Kingston, calling himself "a consistent and tireless advocate for veterans throughout his time in Congress," said he knows "our soldiers have made sacrifices for this country and should not be sacrificed for political expediency."

He said he called for Shinseki's resignation on May 12, "because he has proven incapable of serving our veterans."




WASHINGTON — About 1,700 veterans in need of care were "at risk of being lost or forgotten" after being kept off the official waiting list at the troubled Phoenix veterans hospital, the Veterans Affairs watchdog said Wednesday in a scathing report that increases pressure on Secretary Eric Shinseki to resign.

The investigation, initially focused on the Phoenix hospital, found systemic problems in the VA's sprawling nationwide system, which provides medical care to about 6.5 million veterans each year. The interim report confirmed allegations of excessive waiting time for care in Phoenix, with an average 115-day wait for a first appointment for those on the waiting list.

"While our work is not complete, we have substantiated that significant delays in access to care negatively impacted the quality of care at this medical facility," Richard J. Griffin, the department's acting inspector general, wrote in the 35-page report. It found that "inappropriate scheduling practices are systemic throughout" some 1,700 VA health facilities nationwide, including 151 hospitals and more than 800 clinics.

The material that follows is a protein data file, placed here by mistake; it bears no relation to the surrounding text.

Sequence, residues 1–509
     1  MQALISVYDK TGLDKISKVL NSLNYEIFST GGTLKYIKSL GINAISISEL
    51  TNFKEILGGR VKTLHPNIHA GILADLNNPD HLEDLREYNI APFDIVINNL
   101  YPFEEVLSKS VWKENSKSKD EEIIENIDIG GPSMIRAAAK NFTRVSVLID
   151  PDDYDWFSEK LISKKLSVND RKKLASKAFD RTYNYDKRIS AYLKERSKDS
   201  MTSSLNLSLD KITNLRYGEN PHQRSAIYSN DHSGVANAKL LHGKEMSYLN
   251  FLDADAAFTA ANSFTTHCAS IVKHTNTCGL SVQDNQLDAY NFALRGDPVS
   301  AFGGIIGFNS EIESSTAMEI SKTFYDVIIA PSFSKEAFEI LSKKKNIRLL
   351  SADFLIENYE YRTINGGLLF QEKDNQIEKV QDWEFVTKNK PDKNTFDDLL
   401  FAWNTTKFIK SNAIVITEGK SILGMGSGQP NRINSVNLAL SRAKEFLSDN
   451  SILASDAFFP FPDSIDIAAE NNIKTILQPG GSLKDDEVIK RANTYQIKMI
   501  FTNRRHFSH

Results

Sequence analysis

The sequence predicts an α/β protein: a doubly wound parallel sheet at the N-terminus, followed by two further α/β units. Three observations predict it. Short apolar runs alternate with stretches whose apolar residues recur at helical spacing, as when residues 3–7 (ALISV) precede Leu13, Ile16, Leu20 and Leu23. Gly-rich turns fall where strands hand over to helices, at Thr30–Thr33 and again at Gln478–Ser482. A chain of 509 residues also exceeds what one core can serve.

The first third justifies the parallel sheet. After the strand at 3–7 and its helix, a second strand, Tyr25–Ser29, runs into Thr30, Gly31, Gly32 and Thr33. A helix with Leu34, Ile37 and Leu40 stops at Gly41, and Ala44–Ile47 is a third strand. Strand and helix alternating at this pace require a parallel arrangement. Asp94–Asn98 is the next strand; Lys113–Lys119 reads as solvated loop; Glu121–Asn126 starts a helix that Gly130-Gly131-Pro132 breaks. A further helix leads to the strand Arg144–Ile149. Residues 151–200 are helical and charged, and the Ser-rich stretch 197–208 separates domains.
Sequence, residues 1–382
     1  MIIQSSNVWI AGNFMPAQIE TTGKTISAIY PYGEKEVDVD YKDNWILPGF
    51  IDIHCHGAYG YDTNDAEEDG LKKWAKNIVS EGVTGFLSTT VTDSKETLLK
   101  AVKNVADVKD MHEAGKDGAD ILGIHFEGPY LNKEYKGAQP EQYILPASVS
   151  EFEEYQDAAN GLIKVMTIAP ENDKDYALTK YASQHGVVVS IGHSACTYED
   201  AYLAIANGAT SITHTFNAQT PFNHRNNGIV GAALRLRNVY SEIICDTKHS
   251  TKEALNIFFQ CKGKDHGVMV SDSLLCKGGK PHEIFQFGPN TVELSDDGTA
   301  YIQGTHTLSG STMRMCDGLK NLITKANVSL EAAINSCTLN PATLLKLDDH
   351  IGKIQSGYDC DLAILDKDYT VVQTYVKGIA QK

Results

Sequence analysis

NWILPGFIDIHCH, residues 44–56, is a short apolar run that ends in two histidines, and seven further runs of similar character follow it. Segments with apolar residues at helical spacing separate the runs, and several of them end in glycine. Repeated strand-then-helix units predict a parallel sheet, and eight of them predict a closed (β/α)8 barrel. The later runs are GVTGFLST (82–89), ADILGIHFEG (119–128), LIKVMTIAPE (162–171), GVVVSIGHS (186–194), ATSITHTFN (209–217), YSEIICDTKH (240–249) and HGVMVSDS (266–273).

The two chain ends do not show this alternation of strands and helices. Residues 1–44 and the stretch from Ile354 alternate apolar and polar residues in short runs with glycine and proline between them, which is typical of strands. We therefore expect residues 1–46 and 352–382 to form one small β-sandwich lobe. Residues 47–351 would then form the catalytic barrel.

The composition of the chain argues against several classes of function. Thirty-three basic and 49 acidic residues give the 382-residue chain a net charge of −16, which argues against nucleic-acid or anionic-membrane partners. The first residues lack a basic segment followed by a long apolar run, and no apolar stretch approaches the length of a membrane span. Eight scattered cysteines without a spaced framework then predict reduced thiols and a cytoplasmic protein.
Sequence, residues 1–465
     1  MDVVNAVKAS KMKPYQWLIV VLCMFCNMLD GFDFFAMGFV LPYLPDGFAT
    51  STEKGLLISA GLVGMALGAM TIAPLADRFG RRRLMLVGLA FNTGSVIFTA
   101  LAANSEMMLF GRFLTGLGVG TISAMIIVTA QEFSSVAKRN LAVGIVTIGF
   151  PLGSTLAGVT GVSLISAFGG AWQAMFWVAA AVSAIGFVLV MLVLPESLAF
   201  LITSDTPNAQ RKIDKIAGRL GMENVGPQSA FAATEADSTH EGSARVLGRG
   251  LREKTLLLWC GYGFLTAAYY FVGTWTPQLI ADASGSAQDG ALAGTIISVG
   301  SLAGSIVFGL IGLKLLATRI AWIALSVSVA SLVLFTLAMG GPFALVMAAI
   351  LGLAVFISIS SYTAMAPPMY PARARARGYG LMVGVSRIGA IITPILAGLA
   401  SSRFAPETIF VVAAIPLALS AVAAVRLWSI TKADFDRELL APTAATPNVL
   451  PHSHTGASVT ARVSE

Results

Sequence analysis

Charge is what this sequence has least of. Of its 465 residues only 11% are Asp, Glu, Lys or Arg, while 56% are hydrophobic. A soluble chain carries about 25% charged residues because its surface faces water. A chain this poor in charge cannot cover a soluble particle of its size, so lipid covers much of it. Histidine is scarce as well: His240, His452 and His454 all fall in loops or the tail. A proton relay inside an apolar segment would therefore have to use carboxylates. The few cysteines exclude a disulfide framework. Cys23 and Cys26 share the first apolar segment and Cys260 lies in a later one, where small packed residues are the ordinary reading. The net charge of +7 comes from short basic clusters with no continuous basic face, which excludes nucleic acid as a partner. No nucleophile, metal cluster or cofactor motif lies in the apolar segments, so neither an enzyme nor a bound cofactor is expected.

Griffin said 42 centers are under investigation, up from 26.

Three Senate Democrats facing tough re-election contests — Colorado's Mark Udall, Montana's John Walsh and Kay Hagan of North Carolina — called for Shinseki to leave. "We need new leadership who will demand accountability to fix these problems," Udall said in a statement.

Rep. Jeff Miller, R-Fla., chairman of the House Veterans Affairs Committee; Rep. Howard "Buck" McKeon, R-Calif., chairman of the House Armed Services Committee, and Arizona's two Republican senators, John McCain and Jeff Flake, also called for Shinseki to step down. Miller and McCain also said Attorney General Eric Holder should launch a criminal investigation into the VA.